Today’s business environment relies upon constant connectivity. Your business can have the most advanced facilities or production equipment in the world, but without a telecommunications network to provide connectivity to the world around it, your business may struggle. A telecommunication network makes it possible for your employees to access business emails on a mobile phone while traveling for business, enable video conferencing in the office with clients around the world, while providing telephone service in your local area.
Telecommunications systems are easily taken for granted. Every day your employees come and go from the office with the assumption that when they want to make a call, access email or conduct research online, they’ll be able to do so. How does all of this work? What does it take to manage and maintain these networks? Who is behind all of this? This Telecommunications 101 guide offers an introduction to this necessary business network.
Telecommunications: What Is It?
Quite simply, telecommunications is any communication that takes place over a distance. Originally, telecommunications was as simple as installing phone lines and switchboards that allowed contact with clients and customers with a phone call. Today, telecommunications is any communication over telephone, video conference, wireless networks, computer networks and cellular networks.
In your office, this means making internal phone calls, as well as calls to outside clients. Internet access and the ability to send emails is also telecommunications. Video conferencing and VoIP phone systems are yet another example.
Telecommunications: Why Do You Need It?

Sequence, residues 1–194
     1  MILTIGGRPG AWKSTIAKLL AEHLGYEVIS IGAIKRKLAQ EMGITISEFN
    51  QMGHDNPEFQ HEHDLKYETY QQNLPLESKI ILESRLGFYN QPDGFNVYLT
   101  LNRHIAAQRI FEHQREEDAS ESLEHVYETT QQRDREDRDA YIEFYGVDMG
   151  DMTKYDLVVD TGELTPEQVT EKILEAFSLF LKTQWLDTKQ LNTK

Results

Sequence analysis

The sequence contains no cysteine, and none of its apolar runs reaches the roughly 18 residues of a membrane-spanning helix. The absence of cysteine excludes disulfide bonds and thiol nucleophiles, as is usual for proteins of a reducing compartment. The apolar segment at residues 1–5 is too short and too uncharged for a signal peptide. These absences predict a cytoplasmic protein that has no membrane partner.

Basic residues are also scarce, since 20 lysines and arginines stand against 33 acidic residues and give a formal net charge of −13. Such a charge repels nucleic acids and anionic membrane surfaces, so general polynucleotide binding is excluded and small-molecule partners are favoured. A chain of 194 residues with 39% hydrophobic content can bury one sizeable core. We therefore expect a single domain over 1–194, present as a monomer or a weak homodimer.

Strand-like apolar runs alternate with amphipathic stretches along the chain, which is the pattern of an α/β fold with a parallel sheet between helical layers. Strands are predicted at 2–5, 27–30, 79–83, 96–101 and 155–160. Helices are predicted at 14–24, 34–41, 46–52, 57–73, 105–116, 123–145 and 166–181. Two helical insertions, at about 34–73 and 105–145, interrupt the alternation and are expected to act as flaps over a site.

The answer here is quite simple too. Without a telecommunication network, your business would not be able to communicate with suppliers, distributors and customers (or anyone else for that matter). Almost every activity that takes place within your company on a daily basis relies upon communication.
Telecommunications: What Does it Take to Manage a Network?
As mentioned, telecommunications has grown rapidly from the age when it was little more than telephones and switchboards. Today’s telecommunications industry includes not only the devices that you access data through (telephones, smartphones, tablets, and computers), but also the hardware that powers those devices, the software that processes information, and the fiber-optic and coaxial cables that transmit information.
Managing this telecommunication network requires knowledge and expertise to setup a system that works for your office and monitor its performance and activity. Maintaining these systems requires constant vigilance and the ability to perform software updates and repair or replace wired lines, servers, computers and other devices that serve as the backbone and access point.
Telecommunications: Who are the Carriers?
There was a point in history where AT&T was the dominant carrier in telecommunications. However, competition and consolidation (at times) has drastically changed the landscape. The evolving opportunities of telecommunication (beyond the phone, to the Internet and mobile data) have also created new players. There are few providers today that specialize in just one area of telecommunications. For example, AT&T offers traditional telephone service, mobile data and wireless voice coverage. Century Link offers fiber-optic Internet, nationwide MPLS networks, cloud based voice and data services, and VoIP options as well. Today’s list of carriers includes, but is not limited to, CenturyLink, AT&T, Windstream, Level 3, Integra, Enventis, Zayo, Comcast, and Charter to name a few.
Brief Intro to Carrier Services
Telecommunications and its required connectivity is a very complex, advanced field of technology that is often unmanaged within business environments. Trying to manage of all this can be a daunting task for companies of any size. There are a number of quality carrier services that can help your business identify requirements your telecommunications network must meet, and select the voice, Internet and data carriers that best match those requirements.
In the process, your business saves time selecting the right carrier, reduces the risk of selecting the wrong carrier and can even lower the cost of your telecommunications network.